The “I Support Great Britain” campaign in the late 1960s was a resounding success.
It started after five secretaries from a heating company volunteered to work an extra half hour a day without pay to do their part for the declining economy.
Then it turned into a rallying cry to buy British goods, from food to cars. Something similar is surely needed now.
Homemade: John Lewis wallpaper. The designs are printed in Loughborough on the same site made famous by the designs of William Morris, and also across the border at Welshpool in central Wales.
And, in fact, there are already signs that this is happening, particularly in the indoor world, with John Lewis reporting that online searches for ‘made in the UK’ have tripled since the start of the year. year.
So here’s where to find some of the best interior designs Britain has to offer, which will also help our economy get back on track.
Somerset-born fashion designer Alice Temperley, favorite of the Duchess of Cambridge, has launched a range of interiors. All pieces in the Temperley capsule collection are produced from archival prints.
An Alice Temperley London pillow – a favorite of the Duchess of Cambridge
Embroidered velvet and satin cushions and tablecloths are made in Somerset.
Temperley’s home collection is available in her Mayfair store, but will go on sale online at the end of the month. Cushions start at £ 145, tablecloths at £ 120, temperleylondon.com.
Matthew Williamson designed new jungle and leopard wallpapers for Osborne & Little, made in Lancashire.
Williamson says they were created to “lift morale – a philosophy that has never been more poignant than it is now.” Prices for the Daydreams collection start at £ 130, osborneandlittle.com.
Pick a floor from Ted Todd’s Cheshire workshops and you might find yourself stepping on planks that Winston Churchill once stepped on.
The Rare Finds collection includes wood reclaimed from the Liverpool docks and the war offices where Churchill worked.
Prices start from £ 59.94 per square meter, tedtodd.co.uk.
Bone porcelain is a staple for afternoon tea. But it doesn’t have to be stored for the best, it is excellent for everyday use, being the strongest and most durable ceramic tableware.
In addition, you can put it in the dishwasher. Xavier has been producing fine British porcelain at his Longton, Stoke-on-Trent factory for over 130 years.
The designs are timeless, with a huge choice of colors. The Wilding collection launched this month features designs by British artist David Urmston, detailing six creatures: the beaver, boar, wolf, lynx, white stork and auroch. Prices start at £ 36, xavierchina.com.
Nearby in Derbyshire you’ll find the site where Denby pottery, founded in 1809, is still made today.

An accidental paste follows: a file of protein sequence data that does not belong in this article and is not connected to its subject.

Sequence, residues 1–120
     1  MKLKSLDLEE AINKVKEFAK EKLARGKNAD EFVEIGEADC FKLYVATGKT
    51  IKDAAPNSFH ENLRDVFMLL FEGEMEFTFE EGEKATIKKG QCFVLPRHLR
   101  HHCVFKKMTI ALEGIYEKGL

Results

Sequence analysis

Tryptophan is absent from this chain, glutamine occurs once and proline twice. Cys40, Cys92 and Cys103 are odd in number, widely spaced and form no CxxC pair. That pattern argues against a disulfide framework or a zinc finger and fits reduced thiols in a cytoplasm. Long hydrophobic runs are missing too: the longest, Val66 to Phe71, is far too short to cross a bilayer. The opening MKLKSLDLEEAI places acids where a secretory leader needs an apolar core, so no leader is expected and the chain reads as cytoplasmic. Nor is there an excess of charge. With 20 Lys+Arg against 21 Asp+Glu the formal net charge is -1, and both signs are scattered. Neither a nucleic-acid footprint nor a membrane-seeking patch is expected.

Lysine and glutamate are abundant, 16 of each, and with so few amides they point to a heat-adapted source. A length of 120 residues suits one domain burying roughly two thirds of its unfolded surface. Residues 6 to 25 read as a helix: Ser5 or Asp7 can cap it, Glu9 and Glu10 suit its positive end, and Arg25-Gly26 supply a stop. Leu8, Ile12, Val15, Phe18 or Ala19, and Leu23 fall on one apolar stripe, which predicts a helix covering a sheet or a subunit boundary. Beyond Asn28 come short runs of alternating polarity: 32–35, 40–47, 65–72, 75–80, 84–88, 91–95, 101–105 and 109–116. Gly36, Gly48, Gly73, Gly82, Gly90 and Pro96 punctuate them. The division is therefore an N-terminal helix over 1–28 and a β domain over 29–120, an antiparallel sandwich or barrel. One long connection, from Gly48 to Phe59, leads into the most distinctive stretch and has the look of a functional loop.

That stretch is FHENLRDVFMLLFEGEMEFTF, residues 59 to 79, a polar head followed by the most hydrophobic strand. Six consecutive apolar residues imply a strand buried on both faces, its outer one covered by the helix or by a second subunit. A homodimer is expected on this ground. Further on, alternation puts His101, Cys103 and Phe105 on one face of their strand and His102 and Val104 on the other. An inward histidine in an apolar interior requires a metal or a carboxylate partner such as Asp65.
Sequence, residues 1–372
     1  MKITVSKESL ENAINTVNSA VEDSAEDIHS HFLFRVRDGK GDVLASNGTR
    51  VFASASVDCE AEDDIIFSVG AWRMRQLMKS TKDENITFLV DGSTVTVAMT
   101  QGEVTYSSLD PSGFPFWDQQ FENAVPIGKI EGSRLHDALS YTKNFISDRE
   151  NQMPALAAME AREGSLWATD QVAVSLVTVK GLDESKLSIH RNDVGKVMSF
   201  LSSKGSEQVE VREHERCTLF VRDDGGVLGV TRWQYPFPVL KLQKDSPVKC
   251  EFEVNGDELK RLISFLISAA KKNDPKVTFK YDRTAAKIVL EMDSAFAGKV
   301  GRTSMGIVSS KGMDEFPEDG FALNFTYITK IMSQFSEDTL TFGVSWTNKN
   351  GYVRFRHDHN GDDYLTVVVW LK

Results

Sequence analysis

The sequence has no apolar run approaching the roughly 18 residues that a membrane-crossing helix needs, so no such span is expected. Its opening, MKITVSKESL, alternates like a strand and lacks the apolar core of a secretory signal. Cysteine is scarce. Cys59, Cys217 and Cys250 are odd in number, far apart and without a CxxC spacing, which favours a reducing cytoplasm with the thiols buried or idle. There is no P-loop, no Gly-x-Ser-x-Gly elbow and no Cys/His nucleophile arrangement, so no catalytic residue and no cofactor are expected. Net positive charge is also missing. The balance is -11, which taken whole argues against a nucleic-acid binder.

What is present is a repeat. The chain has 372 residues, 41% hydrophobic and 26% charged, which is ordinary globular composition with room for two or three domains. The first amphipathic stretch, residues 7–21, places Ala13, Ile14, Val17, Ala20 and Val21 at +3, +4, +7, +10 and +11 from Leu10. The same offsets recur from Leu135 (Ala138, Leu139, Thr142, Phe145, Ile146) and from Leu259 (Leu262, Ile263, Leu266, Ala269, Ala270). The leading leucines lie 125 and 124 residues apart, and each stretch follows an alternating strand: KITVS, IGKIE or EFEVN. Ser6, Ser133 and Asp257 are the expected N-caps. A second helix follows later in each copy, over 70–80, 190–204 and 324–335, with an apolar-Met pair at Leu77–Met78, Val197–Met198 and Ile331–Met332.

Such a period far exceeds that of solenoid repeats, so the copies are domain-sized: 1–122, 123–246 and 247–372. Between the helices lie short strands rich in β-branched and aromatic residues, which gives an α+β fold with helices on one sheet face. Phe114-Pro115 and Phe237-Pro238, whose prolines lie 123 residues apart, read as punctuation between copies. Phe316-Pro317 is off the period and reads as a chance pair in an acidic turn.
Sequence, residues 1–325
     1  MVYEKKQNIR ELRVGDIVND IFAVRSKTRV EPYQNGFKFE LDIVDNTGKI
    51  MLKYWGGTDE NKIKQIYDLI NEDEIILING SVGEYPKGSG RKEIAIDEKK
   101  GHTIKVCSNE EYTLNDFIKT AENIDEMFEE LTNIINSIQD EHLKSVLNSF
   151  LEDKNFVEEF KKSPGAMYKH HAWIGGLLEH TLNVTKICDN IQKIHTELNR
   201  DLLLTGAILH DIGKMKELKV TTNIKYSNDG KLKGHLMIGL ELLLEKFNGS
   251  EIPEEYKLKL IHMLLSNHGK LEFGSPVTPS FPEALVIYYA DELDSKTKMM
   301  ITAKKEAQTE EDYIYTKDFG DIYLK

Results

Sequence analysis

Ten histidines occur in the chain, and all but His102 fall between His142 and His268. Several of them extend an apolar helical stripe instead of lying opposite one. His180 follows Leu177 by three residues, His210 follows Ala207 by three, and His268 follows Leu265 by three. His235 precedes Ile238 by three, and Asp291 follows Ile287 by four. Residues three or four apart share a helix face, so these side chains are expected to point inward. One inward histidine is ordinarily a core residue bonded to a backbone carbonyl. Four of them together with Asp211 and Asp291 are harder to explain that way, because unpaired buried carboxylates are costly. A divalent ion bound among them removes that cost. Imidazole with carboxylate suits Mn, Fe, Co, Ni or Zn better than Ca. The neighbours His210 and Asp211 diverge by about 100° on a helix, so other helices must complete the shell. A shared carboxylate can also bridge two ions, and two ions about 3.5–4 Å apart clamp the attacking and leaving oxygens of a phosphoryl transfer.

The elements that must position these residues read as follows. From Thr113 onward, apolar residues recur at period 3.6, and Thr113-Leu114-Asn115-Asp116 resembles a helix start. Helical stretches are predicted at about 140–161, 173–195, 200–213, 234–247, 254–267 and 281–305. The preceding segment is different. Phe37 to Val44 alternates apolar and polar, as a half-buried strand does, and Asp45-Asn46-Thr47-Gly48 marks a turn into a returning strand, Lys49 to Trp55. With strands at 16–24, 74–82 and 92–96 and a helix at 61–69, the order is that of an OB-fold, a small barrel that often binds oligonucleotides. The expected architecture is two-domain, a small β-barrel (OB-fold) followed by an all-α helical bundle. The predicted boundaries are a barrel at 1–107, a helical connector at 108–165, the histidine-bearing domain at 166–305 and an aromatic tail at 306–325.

The company sources its clay locally. A new collection – Impression – is launched this month.
The range encourages mix and match, with pebbly blues, charcoal, cream and pink. Prices from £ 5, denbypottery.com.
Encourage the walls
John Lewis’s British heritage runs deep, especially when it comes to his own branded wallpaper.
The designs are printed in Loughborough on the same site made famous by the designs of William Morris, and also across the border at Welshpool in central Wales.
Modern Archive designs are inspired by a collection of textiles and wallpapers held at the JLP Heritage Center.
There are 31 new models this season (from £ 35 a roll, johnlewis.com).
Turn up the fire
If you’re looking for a new fireplace this winter, call on the expertise of Renaissance London, specialist in antique restoration and reproduction in Shoreditch, London.
Owen Pacey, the founder, and his team create new fireplaces based on antique designs.
Her client list includes British celebrities Kate Winslet and Jeremy Irons. Prices from £ 1,400 on renaissancelondon.com.
What your home really needs … a sheepskin throw
A lush sheepskin throw or rug (faux or genuine) adds a cozy element, especially at this time of year as we slip into winter.
Yes, hygge – the Scandinavian warm contentment movement that spawned books on the delicacies of candles, logs, and hot chocolate – is set to flourish.
At Christmas, faux reindeer skins from Cox & Cox (coxandcox.co.uk, £ 150) will set the standard.
But while draping a plaid over the back of a dining chair or the arm of a sofa is an easy way to revive a tired room, don’t overdo it.
Your inspiration should be a chic mountain retreat, not a hunting lodge. The best thing about this look is the low cost.
Prices at Dunelm range from £ 10, pictured, to £ 160 (dunelm.com).
The £ 15.99 rug from The Range (therange.co.uk) works just as well on the floor as it does draped over an armchair. John Lewis offers faux rugs in various shades of gray for £ 35 (johnlewis.com).
For the real thing, the Wool Company (thewool company.co.uk) offers rugs from £ 50 to £ 460.